RESEARCH TRIANGLE PARK, N.C. — RTI International, a nonprofit research institute, has released a new report finding that a recent Centers for Medicare & Medicaid Services (CMS) initiative did not reduce avoidable hospitalizations among nursing facility residents.
The initiative, formally known as the CMS Initiative to Reduce Avoidable Hospitalizations among Long-Stay Nursing Facility Residents - Payment Reform (NFI 2), yielded no clear evidence that its payment incentives achieved desired reductions in hospital utilization or Medicare expenditures for residents in participating nursing facilities. The report also noted that adding the NFI 2 payment incentives did not provide incremental improvement to the prior reductions that RTI found in its evaluation of the earlier clinical phase (NFI 1).
The evaluation found that although facility leaders and participating providers generally supported the initiatives goals, the NFI 2 financial incentive design was not effective in reducing avoidable hospitalizations or saving Medicare costs. RTI’s analysis of the NFI 2 billing patterns also suggested that facility treatment for the six Initiative-qualifying conditions did not substitute for hospitalization. Most residents treated on-site would not have been hospitalized, regardless of NFI 2 participation.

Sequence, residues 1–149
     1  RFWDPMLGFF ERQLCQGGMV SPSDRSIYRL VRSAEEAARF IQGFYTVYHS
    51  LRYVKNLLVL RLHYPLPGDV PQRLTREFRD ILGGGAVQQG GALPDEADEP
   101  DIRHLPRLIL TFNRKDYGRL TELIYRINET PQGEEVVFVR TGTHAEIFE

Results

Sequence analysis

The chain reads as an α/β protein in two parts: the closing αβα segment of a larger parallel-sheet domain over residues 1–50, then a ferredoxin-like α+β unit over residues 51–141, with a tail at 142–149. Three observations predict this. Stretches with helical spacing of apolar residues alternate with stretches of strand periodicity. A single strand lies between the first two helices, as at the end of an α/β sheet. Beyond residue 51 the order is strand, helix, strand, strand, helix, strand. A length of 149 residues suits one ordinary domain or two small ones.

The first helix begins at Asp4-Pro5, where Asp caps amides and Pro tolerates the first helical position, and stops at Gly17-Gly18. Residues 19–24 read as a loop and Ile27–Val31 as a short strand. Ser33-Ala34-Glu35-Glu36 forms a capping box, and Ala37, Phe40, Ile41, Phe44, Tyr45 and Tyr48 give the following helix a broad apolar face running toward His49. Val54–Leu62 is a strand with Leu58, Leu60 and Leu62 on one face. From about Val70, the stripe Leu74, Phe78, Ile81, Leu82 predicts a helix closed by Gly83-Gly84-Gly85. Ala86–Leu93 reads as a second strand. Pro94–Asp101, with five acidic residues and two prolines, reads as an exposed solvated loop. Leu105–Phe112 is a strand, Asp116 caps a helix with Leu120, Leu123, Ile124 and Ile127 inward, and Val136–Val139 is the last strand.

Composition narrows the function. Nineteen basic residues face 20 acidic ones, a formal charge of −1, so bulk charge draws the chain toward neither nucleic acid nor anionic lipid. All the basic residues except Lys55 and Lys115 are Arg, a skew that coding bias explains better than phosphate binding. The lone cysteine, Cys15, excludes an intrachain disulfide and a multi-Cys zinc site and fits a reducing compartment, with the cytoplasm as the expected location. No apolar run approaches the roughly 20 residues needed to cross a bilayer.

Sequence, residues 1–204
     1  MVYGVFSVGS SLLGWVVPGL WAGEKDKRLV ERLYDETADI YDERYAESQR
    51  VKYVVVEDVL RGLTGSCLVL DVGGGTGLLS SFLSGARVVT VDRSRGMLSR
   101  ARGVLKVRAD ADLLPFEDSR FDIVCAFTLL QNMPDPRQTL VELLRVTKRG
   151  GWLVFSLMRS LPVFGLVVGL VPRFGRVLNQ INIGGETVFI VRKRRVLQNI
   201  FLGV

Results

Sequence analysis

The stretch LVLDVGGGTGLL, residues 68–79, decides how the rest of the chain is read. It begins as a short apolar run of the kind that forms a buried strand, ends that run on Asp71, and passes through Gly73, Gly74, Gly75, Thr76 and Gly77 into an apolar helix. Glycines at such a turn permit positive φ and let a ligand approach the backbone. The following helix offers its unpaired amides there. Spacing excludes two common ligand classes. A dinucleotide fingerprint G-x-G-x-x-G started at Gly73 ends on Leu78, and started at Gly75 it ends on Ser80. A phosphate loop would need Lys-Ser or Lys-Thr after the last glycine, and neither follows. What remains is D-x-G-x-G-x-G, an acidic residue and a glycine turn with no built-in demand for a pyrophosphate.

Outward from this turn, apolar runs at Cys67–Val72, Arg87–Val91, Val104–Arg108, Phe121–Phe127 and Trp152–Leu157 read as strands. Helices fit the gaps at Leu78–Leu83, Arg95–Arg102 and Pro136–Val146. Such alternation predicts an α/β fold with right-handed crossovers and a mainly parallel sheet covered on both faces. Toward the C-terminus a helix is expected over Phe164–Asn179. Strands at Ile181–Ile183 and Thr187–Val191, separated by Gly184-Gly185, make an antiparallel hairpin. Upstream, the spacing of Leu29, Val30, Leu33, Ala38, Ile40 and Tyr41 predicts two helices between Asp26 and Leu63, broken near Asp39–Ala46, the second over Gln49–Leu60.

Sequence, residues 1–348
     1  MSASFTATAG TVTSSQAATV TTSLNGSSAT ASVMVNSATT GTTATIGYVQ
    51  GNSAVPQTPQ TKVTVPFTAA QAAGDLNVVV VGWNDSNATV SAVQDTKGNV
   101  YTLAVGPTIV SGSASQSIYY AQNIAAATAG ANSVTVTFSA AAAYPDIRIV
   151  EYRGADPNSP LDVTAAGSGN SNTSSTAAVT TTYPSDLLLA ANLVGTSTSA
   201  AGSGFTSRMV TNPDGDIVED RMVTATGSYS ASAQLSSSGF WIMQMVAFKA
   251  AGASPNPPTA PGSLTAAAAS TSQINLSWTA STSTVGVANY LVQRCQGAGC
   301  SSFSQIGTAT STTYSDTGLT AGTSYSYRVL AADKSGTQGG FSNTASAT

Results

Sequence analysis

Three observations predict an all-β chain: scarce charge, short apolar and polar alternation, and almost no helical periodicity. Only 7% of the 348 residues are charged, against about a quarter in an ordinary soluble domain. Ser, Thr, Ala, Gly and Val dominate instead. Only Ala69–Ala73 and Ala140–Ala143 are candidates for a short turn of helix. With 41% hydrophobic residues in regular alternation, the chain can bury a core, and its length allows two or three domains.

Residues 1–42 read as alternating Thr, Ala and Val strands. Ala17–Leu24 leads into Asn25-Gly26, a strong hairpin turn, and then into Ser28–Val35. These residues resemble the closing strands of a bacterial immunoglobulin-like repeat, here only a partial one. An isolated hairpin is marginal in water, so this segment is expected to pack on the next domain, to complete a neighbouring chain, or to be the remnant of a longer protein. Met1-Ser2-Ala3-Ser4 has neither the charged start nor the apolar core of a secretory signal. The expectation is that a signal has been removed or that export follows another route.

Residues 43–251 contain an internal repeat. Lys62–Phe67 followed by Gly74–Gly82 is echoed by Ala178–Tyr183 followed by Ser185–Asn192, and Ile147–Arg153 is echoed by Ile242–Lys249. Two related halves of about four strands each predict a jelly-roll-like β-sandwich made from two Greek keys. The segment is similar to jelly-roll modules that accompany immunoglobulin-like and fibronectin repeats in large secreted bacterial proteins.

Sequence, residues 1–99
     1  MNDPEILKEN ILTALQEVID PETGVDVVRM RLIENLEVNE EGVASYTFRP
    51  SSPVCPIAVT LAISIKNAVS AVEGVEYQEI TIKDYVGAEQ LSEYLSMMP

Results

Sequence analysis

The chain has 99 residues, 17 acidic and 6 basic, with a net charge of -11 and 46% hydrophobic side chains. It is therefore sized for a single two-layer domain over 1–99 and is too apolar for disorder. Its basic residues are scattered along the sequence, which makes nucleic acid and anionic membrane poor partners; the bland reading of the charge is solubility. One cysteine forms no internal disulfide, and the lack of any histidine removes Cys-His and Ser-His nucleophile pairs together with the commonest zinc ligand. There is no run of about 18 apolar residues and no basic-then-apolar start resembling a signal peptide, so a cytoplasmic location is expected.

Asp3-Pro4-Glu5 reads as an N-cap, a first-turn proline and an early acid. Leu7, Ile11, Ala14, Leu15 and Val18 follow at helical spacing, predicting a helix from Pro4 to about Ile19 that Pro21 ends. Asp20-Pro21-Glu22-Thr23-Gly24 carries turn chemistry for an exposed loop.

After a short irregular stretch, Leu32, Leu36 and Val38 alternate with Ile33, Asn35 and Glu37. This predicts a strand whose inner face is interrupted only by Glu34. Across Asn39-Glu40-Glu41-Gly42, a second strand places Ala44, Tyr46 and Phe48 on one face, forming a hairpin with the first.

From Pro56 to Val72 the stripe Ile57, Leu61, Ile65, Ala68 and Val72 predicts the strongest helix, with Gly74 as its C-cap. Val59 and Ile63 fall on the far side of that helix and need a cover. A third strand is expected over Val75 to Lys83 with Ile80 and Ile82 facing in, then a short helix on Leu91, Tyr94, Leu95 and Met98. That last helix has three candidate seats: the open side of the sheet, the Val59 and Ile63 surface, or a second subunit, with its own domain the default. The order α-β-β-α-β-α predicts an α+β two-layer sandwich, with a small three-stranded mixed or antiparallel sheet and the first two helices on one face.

The NFI 2 financial incentive design was not effective, in part, due to the diverse facility and provider environment in which it was implemented, the report states. For example, many facilities owned by corporate chains never received the financial incentives directly. Instead, their CMS payments often went to centralized corporate offices without allowing facilities to determine how the funds might be used. Absent direct receipt of the financial incentives, facilities were less motivated to implement NFI 2 fully.
The report noted important lessons learned. First, Medicare payment incentives alone did not change facility or provider care practices enough to result in a real change in hospitalization rates. Instead, the team confirmed the importance of clinical staff stability and consistent assignment of nursing staff. Without adequate and consistent staffing levels and capacity to manage resident acute care needs in the facility, further hospitalization reductions would be challenging to achieve. Second, prioritizing on-site care for all residents may work better than focusing on residents with specific conditions, as NFI 2 was designed. Facilities may have more success addressing hospitalization rates facility-wide, as they did in NFI 1.
RTI’s team of national experts in program evaluation, Medicare payment policy, and health care for older adults, conducted the evaluations of both NFI 1 and NFI 2.
NFI 1, conducted from 2013-2016, involved seven Enhanced Care and Coordination Provider (ECCP) organizations, partnering with about 150 nursing facilities across seven states. Interventions ranged from ECCP-provided nursing facility staff education to deployment of nursing facility-based nurse practitioners to assess and care for residents. NFI 2, conducted from 2016-2020, built upon the initial design with an added financial incentive for participating facilities and providers.